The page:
10 top tips for developing a coaching philosophy

All Ages

Chris Morris, FA county coach developer in Cornwall and ex-professional with Sheffield Wednesday, Celtic and Middlesbrough, outlines his ten top tips to help grassroots coaches develop a coaching philosophy.

 

1. Think beyond tacticsMost coaches talk about tactics and formations or how they organise practice sessions when asked about their coaching philosophy. Instead, try to think about the values and beliefs that guide your interactions, relationships and decision-making. It is more than just how your team plays.

2. Know what you stand for

A coaching philosophy is a working definition of your values and what you stand for. It should have a direct correlation with, and be representative of, your behaviours and actions. Consider what’s important to you: do you consider holistic player development to be a priority for you or are you more results orientated?

3. Think about these questionsWhat represents my moral standards and integrity? What are my objectives? How can I help my players and what do they need? What ethical and inclusive framework underpins my coaching philosophy? What would be my personal and team mission statement(s)?

4. Take responsibility and accountabilityAnswering the questions in point two will give you an outline of your values, personal belief system and mission statement. After that, you have to be accountable for your coaching philosophy. Show that your philosophy is real, robust and tangible.

5. Link your philosophy to footballClearly demonstrate you will do what you say you will do. For example: if you have been working on developing possession through the thirds in training, what message does it send out if you scream at your players to launch it forward in the last ten minutes because you are losing 1-0?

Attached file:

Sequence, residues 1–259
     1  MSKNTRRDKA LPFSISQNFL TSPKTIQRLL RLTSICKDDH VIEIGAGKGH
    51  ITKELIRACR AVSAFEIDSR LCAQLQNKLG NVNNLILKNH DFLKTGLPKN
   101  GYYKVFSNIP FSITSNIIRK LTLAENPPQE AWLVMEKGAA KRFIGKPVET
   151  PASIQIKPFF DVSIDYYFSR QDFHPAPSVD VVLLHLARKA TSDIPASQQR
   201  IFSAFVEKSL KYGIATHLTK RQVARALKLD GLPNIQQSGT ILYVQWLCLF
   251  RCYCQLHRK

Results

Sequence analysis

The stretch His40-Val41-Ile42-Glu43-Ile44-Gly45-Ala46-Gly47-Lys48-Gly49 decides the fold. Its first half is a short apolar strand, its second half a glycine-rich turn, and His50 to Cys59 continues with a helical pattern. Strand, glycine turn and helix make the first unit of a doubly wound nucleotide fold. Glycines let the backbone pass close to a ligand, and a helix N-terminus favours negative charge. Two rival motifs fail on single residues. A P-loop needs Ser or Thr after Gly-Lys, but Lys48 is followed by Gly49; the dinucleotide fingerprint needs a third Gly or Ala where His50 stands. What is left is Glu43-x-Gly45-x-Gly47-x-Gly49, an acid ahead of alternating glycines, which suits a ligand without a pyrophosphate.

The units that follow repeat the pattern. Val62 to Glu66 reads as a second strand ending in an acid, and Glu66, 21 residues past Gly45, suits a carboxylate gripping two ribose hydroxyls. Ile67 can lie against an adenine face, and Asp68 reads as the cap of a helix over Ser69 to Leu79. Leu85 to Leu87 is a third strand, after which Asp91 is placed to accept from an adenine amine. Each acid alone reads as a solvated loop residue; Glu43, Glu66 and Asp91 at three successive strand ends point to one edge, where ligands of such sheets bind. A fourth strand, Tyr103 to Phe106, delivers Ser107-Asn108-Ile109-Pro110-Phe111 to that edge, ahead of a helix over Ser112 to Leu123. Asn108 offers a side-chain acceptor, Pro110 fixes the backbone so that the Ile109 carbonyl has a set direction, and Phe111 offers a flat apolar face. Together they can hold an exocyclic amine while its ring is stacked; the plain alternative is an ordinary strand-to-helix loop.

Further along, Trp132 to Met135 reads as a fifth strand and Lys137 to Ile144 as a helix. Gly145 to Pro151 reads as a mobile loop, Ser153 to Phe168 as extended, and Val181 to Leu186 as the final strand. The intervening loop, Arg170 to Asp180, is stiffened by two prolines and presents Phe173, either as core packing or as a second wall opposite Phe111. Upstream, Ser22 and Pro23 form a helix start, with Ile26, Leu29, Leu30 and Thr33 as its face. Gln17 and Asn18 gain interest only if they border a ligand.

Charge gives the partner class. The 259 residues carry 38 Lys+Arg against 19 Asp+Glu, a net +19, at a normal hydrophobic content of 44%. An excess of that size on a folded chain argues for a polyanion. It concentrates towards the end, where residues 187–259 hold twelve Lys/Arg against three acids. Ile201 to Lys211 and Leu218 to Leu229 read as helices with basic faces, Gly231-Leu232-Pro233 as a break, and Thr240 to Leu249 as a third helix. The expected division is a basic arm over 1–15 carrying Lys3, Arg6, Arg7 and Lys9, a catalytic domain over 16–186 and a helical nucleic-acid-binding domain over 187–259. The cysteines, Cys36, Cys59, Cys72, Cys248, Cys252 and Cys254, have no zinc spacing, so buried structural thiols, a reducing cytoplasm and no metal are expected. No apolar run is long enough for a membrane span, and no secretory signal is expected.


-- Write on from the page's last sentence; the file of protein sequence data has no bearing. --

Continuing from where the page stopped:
6. Consider what others would say about your approachWould a parent or fellow coach be able to work out your philosophy without seeing a written statement or you telling them? Does the way you conduct yourself tell the story of your philosophy?

7. Communicate your philosophySharing your philosophy means that you have openly and publicly declared your intentions and therefore, as a by-product, you have assumed responsibility and accountability for your future actions. Expect to be challenged if you don't do what you said you would do.

8. Write your philosophy down, but live it every dayIt is useful to have an actual written philosophy - something tangible to refer and reflect on. However, a philosophy may lack credibility if it only ever appears as a written document and is unconnected to your actual actions and behaviours. The best way to present your philosophy is to live it and to 'walk the walk'.

9. Don’t be afraid to tweak your philosophyResearch has shown that ‘expert’ coaches recognise the effect that operational and organisational context has on a philosophy and therefore adapt their philosophical framework accordingly. Do you fully understand the context and environment you work in?

10. Don’t underestimate the importance of life experiencesRecognise the impact of life experiences and how reflecting upon those experiences can help shape your philosophy, making it a moving, ever-evolving framework guiding your behaviours and actions.


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